In Hebrews 1, we saw an introduction (Hebrews 1:1–4) that tells us about a Son of God. Then, seven quotations from the Hebrew scriptures form an argument that this Son is greater than the angels. That this Son is distinct from the Father, but nonetheless fully deity.
The author breaks off his argument to give a short aside and application of his argument in Hebrews 1…
Have Some Fun 👾
I appreciate McCracken’s work in compiling this list. I found some music I wasn’t aware of, and I really try to be on top of new Christian music! I also appreciate that McCracken doesn’t go to the top “radio music” but goes into the thriving Christian indie music scene to find gems. I can recommend the top two albums on his list, they’re outstanding.
In addition to his top six, he has a top-five of hymn albums and a few other lists like that. You're bound to find something you like in his various lists. I’ve also embedded a few songs off of McCracken’s Spotify playlist of the top 100 songs of the year.
Explore the Scriptures 📖
Q&A: A Bible Scholar Answers Your Questions about the Book of Revelation (Tom Schreiner) | Crossway Podcast 🎧 →
The Book of Revelation is the most confusing book of scripture. It’s a mix of genres, and much of it is “apocalyptic,” which is deeply unfamiliar to modern readers. It’s full of allusions to the Old Testament prophets, probably the area of scripture that most Christians are least familiar with.
Dr. Schreiner has written multiple books on Revelation, and I’m thankful for his intellectual humility. Some Christians are so certain in their eschatological (end-times) beliefs, but the truth is that scripture is not especially clear on the topic. I have some eschatological beliefs that I hold, but the level of confidence that I have is so much lower than my belief that, for example, God raised Jesus from the dead.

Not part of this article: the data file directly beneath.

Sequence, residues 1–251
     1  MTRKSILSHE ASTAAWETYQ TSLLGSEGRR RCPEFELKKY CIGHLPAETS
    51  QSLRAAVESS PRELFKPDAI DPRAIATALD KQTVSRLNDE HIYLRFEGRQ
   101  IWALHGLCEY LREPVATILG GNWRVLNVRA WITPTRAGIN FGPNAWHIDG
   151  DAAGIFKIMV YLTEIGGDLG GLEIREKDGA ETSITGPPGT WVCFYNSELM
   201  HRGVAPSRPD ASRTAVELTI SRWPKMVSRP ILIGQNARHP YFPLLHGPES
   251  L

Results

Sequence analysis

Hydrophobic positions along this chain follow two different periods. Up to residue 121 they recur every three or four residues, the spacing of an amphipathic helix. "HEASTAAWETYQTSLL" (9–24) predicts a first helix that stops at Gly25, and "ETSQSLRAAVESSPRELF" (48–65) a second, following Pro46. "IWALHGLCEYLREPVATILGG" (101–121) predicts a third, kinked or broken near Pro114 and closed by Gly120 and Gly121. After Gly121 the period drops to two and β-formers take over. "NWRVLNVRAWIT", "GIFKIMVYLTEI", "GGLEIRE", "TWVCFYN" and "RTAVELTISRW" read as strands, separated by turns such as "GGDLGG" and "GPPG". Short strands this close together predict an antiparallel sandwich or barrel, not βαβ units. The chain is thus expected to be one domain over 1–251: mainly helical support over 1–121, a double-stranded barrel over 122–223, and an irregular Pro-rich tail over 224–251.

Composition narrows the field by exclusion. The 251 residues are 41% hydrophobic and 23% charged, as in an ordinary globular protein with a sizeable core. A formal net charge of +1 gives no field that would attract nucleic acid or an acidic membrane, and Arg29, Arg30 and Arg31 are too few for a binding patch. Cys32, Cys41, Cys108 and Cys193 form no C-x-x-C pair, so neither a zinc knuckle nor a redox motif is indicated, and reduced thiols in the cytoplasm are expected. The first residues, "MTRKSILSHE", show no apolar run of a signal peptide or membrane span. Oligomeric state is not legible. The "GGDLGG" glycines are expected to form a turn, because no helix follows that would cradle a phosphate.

- The Joy of Hearing: A Theology of the Book of Revelation (New Testament Theology) | Tom Schreiner 📚 (Affiliate Link)
Consider Another Perspective 🤔
LGBTQ Relationships and the Bible: A Progressive and Evangelical Dialogue with Colby Martin | Sean McDowell 📽 →
We need more conversations like this, where people of differing views on important topics can humbly and kindly, yet strongly, discuss and push back on each others’ beliefs.
This topic is so theologically and politically charged that I was nervous to watch it despite having watched their earlier dialogue. I was afraid that they would either not push back on each other at all, or that it would devolve into the name-calling that too many politically charged conversations do. Yet both McDowell and Martin managed to watch that tightrope line of staying above the belt, yet also lovingly pushing back onto each others’ positions.
This is completely optional, and everything that is currently free will continue to be free. Thank you for reading The Garden Weekly.
Christianity Is True ✝️